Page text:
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We live in a society filled with numbers: social security numbers, dates, license plate numbers, prices, zip codes, etc. Yet without a special technique, numbers are very difficult to memorize because they are so hard to associate. Our brains think with pictures, not with numbers. It's easier for us to visualize an elephant eating a ham sandwich than to picture the string of numbers $2,347.91. But what if we could mentally convert a number into a word, a word that represents a mental picture? It turns out that we can.
Suppose we assigned each of the digits 0 through 9 to a consonant. Then, when we want to remember a number, we convert the number into consonants, insert vowels, and form a word. This word can then be used to form an association much more readily, rather than trying to use the number itself.

As an example, suppose we want to remember that the Old Testament has 39 books, and suppose 3 and 9 translated into M and P, respectively. We could then insert the vowel A between the consonants to come up with the word "map". We would then visualize a huge map in front of us, with the Mediterranean Sea, Israel, Egypt, Mt. Sinai, etc.: a nice map of the Old Testament. Two weeks later we want to remember how many books were in the Old Testament. We recall that huge map with all the places on it. MAP... consonants are M and P... that's 3 and 9. 39! We did it! That's sort of a roundabout way of doing it, but it works, because of the associations.

So, you ask, how do I know that M is 3 and P is 9? The answer is that you must first memorize the following table of consonants and digits. Oh dear, you say. But wait... once this chart is memorized, it can be used for life! And second, there's even a scheme to associate the numbers with the letters!

                1        t, d           t has one downstroke
                2        n              n has two downstrokes
                3        m              m has three downstrokes
                4        r              "four" ends with R
                5        l              Latin 50 = L
                6        j, sh, ch      J reversed looks like 6
                7        k, g (hard)    Visualize a K drawn with two 7s
                8        f, v           Cursive f has two loops like an 8
                9        p, b           P reversed looks like 9
                0        z, s           "zero" starts with Z

This is the standardized mnemonic system used by memory experts. It has been optimized in order to make it easy to learn and use. Note that pairs of letters have been grouped together because of their phonetic similarity, such as t and d or p and b. If you are not familiar with phonetics, whisper the word "dog." Notice that it sounds like "tok". This is how you can tell which sounds are phonetically similar.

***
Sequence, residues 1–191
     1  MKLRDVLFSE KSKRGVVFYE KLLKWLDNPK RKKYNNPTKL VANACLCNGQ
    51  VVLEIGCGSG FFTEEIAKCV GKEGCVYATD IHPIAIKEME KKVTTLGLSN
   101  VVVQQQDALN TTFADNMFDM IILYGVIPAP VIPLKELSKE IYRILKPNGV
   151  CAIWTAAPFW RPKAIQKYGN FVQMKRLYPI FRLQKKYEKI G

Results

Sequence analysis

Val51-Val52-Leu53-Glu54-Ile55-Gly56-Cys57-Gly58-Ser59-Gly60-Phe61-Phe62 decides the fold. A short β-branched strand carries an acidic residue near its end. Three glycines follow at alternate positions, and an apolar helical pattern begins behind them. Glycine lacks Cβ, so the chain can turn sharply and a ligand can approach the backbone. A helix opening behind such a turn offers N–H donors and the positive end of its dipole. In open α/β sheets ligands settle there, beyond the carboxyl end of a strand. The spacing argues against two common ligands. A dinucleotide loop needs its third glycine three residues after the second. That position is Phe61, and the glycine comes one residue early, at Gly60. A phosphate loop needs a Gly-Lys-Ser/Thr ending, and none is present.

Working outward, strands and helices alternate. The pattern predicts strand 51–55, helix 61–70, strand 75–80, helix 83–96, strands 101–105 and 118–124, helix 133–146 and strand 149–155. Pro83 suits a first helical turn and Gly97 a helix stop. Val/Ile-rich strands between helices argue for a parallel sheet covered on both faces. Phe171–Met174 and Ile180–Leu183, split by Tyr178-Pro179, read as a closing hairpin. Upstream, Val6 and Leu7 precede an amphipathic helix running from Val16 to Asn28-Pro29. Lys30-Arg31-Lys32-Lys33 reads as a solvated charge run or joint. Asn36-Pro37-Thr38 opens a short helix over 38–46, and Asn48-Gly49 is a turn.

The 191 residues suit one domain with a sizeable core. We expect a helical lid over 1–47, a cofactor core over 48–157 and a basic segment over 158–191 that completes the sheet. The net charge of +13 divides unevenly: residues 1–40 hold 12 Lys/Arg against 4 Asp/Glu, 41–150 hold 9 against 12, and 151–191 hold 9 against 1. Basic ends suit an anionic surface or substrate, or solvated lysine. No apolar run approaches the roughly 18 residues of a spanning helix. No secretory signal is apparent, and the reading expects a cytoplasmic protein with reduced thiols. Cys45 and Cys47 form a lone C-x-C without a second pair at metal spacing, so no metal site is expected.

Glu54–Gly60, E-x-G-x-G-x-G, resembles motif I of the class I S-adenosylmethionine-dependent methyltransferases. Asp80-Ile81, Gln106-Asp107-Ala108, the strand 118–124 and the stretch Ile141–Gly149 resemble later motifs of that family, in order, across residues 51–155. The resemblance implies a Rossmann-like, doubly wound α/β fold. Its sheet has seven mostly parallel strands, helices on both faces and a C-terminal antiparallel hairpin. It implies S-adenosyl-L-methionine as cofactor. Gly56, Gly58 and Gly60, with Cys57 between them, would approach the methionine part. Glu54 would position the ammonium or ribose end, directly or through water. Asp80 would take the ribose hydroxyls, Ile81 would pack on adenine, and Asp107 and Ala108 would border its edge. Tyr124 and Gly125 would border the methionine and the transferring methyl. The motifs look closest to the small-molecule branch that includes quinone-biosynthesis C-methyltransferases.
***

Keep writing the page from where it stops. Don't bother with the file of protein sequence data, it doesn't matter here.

Here are some rules about using the number alphabet:

The alphabet is strictly phonetic. For example, the word "cough" should be thought of as KoF and translated into 78; "gem" is pronounced JeM and is thus 63.
Double letters are not counted. For example, "Butter" translates into B, T and R (only one T).
Three consonant sounds do not appear in the chart: W, H and Y. Why, you ask? Good question! Good answer!
Vowels are always ignored, as well as W, H and Y mentioned above. The long word "hollow," for example, contains just one useful letter: L.
When creating words from consonants, vivid nouns usually work the best, rather than adjectives, verbs or other related words.
Before reading further, take a few minutes to memorize the number alphabet. Thanks to the memory aids, it shouldn't take long. Cover all but the "number" column and try to name the letter or letters. Then write the groups of letters in random order on a piece of paper, look at the letter groups, and try to come up with the number.

You are now ready to memorize most any kind of number! Suppose you need to remember that a bowling tournament is being held on the 25th of this month. 25 translates into NL which might stand for "nail." Now picture yourself bowling, but when the ball hits the pins, the ball surprisingly bounces back! That's because someone nailed the pins to the floor. Bowling, nail, NL, 25, 25th. It works!

What about the periodic number for Potassium (19)? Perhaps you will think of bananas, which have lots of potassium, sitting on a table. Table = TBL = 195. But note that the number for potassium only has two digits, so we can throw out the extra 5. We get 19! How about silver (47)? Perhaps a RAKE made of pure silver? How about gold (79)? Perhaps you might think of a mysterious person in town who has gold in his cupboard? Pronounce it "kubbard," throw out the extra numbers, and you get KB = 79.

What about much longer numbers, like an employee ID number of 857502? It would be almost impossible for you to come up with a word that fits "FLKLSN," and it would also be hard to come up with a series of words that don't have any extra, unwanted letters in them. Let's break it down into three parts: 85-75-02. Now, let's come up with a word for each part. Perhaps file, coal and sniff. Sniff represents 028, but since we are memorizing only pairs, any extra numbers are ignored. Imagine you come into your office, and go to your FILE cabinet. Opening it, you see that someone has dumped coal into it! And then when you sniff the drawer, it smells awful! The next time you fill out some form at the office, all you have to do is remember that story, and then write down 857502 instinctively.

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